Pope Francis calls abortion activist a ‘great’ woman
Let’s see the Pope Francis defenders defend his latest stunt.
In an interview on February 8, 2016, with one of Italy’s most prominent dailies,Corriere Della Serra, Pope Francis praised Italy’s leading proponent of abortion – Emma Bonino — as one of the nation’s “forgotten greats,” comparing her to great historical figures such as Konrad Adenauer and Robert Schuman.
Massimo Franco reports for Corriere Della Serra in “Francis: ‘I Embrace My Orthodox Brethren’,” Feb. 8, 2016, that Pope Francis exhorted Europe to welcome (“smile at”) the refugees and migrants:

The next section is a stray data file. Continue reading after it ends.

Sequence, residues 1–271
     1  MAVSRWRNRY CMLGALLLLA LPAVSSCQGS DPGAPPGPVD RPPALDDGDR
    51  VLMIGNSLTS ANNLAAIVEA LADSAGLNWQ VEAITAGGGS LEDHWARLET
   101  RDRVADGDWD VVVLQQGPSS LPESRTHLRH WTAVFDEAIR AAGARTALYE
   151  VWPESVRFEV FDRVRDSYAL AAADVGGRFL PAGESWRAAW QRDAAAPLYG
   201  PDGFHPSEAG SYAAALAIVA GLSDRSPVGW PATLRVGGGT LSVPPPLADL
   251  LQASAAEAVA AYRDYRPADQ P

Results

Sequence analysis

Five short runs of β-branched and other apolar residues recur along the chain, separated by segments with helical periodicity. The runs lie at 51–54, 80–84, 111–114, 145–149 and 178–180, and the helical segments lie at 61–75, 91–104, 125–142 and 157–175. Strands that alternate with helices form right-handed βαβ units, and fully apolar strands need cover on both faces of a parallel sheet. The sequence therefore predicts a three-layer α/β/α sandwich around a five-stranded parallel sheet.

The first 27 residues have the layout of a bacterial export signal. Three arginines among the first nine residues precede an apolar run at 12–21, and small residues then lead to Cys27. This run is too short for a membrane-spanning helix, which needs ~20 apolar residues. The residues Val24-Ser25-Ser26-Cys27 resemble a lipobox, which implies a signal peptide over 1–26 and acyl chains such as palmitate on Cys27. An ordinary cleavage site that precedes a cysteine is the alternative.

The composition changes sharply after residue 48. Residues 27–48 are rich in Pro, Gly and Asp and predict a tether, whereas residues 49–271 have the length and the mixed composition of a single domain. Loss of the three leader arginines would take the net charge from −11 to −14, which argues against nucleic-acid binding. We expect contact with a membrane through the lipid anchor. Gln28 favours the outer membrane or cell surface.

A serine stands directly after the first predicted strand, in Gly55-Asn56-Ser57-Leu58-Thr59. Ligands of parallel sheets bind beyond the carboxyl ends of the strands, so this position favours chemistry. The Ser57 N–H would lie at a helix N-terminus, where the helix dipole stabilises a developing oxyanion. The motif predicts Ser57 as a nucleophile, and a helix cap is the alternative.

“. . . he [Pope Francis] insists . . . that ‘Europe must and can change. It can and must reform itself. If it is unable to financially help the countries from which the refugees come, you must face the problem of how to address this great challenge that is primarily, but not solely, humanitarian….’ . . . Often, using a biblical metaphor, Francis compares the Old Continent [Europe] to Sarah, Abraham’s wife, who was sterile for more than 70 years. So according to the customs of those ancient times, Sarah gave a [female] slave to Abraham, who gave birth to a son. But then, miraculously, Sarah at age 90 became pregnant and gave birth to a son. Francis likes to say that “Europe is like Sarah, who first gets scared but then smiles secretly.” Francis’ hope is that Europe also ‘smiles secretly’ to migrants, and remembers the ‘great forgotten figures’ of Europe’s recent history. Francis is an admirer of the prominent figures of Europe’s renaissance after the Second World War. He quotes the German Chancellor Konrad Adenauer, French foreign minister Robert Schuman, and the Italian statesman Alcide De Gasperi. But Francis also points to ‘great forgotten figures’ in our times, for example, the woman mayor of Lampedusa, Giusi Nicolini who has welcomed migrants to her island.Francis named ‘among the greats of today’s Italy’ former President of Italy Giorgio Napolitano, and former Minister of Foreign Affairs Emma Bonino . . . . Knowing that his praise of the radical leader [Bonino] may be controversial, Francis argues that ‘she is the person who knows Africa better than anyone and offered the best advice to Italy on learning about Africa.’ Admitting that ‘it is true she [Bonino] thinks very differently from us,’ Francis said, ‘But never mind. We have to look at people, at what they do.‘” Read More